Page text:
Note: We're going to throw out instances like 2010's Vick, who actually ended up as the highest-scoring quarterback in ESPN standard leagues despite not being ranked in the top 25 on the initial preseason list. Injuries, like the one that befell Kevin Kolb of the Philadelphia Eagles in Week 1 and thrust Vick into the spotlight, or the one that sidelined projected No. 1 overall quarterback Brady in 2008 and turned Matt Cassel into a surprise top-10 signal-caller, are impossible to predict.
As it turns out, by guessing correctly on the better of two lesser options each week, it's not that hard to trump a far superior option with no safety net. Check out the following chart outlining just a few combinations that would have done the trick:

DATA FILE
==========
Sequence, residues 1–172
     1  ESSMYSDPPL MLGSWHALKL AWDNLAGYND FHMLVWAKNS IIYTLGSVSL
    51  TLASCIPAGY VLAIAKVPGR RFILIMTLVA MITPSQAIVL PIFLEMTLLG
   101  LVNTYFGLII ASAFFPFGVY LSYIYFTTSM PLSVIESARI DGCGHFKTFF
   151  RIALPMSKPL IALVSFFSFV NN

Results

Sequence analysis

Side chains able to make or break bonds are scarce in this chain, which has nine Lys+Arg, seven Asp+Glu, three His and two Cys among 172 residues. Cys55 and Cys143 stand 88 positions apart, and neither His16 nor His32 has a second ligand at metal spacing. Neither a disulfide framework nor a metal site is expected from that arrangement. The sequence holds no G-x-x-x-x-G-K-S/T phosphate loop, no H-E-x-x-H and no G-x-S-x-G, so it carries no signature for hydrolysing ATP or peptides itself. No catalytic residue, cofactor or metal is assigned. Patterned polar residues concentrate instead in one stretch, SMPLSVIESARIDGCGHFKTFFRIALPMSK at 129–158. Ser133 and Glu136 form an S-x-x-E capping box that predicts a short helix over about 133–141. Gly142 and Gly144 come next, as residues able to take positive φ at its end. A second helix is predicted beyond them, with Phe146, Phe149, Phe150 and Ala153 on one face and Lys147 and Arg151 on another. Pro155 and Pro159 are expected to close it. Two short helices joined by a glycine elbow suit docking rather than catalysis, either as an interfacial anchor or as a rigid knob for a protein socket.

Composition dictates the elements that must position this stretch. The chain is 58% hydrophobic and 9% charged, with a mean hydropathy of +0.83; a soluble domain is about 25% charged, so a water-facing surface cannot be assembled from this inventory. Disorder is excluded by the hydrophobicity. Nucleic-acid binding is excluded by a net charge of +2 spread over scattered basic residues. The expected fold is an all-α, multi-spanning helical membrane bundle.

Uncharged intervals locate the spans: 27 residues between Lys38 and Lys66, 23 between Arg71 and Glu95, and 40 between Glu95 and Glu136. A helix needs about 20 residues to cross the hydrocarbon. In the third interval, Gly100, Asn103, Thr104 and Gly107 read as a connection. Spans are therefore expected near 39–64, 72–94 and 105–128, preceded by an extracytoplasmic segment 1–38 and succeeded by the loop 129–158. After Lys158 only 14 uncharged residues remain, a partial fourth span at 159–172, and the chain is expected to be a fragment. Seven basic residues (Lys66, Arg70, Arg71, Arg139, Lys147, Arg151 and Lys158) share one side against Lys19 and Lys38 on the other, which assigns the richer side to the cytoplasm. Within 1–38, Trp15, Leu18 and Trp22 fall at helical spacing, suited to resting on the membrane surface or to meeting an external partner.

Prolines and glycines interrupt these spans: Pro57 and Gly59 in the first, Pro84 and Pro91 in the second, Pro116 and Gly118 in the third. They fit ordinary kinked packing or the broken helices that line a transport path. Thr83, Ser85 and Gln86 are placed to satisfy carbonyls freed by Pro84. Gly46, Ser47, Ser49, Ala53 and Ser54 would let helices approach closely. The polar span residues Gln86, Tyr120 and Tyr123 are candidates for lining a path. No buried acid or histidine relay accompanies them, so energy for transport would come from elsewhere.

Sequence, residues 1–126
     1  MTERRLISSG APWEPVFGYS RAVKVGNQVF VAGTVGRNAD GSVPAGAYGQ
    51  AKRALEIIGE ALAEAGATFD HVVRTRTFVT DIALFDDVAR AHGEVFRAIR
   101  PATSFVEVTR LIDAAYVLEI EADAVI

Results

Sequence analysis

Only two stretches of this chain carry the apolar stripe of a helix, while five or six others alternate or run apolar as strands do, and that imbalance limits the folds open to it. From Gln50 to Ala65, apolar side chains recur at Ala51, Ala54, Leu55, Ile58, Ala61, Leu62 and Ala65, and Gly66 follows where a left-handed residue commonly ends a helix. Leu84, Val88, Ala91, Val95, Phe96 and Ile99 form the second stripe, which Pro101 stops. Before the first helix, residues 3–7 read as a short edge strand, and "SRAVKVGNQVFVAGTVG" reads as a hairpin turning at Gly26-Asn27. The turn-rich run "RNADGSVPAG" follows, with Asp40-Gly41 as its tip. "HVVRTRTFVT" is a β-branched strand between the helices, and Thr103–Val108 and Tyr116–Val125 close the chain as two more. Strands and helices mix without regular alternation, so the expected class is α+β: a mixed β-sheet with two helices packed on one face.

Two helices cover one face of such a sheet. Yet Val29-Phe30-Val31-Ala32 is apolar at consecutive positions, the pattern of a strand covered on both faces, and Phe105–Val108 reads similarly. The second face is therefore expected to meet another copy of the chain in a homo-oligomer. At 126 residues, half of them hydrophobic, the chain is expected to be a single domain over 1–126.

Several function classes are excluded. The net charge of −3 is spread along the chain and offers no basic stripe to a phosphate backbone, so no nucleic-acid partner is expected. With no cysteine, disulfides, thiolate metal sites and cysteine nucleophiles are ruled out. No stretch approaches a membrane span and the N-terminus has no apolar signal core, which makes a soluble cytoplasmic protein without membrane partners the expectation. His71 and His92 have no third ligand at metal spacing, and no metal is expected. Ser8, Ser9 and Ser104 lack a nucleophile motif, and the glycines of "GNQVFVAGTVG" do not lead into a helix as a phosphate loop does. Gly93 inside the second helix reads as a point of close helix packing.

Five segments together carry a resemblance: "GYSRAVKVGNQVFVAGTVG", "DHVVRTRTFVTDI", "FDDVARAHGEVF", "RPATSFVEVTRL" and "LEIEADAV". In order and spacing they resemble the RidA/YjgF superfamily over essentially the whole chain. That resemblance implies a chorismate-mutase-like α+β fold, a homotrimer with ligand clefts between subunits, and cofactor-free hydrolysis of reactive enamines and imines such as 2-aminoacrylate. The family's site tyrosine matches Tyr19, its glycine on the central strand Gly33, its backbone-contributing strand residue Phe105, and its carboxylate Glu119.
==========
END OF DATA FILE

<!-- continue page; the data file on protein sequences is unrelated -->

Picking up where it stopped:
In each of the above cases, if you had made the right call each week, during the course of the season you would have ended up with more points from your hybrid quarterback than the named successful solo artist at the position.
Let's take a closer look at last season's numbers. The quarterback known as "Rylex Smithpatrick" could have scored 262 points in ESPN standard play, ranking him eighth overall, two spots higher than Philip Rivers, who managed just 246 fantasy points. Similarly, "Colty McDalton" and "his" 227 fantasy points would have tied for 10th place overall, a good 20 points ahead of Ben Roethlisberger.
But this success assumes that you made the right call each and every week of the season. The monkey in the wrench is actually pulling off the feat. How likely is that to have actually happened?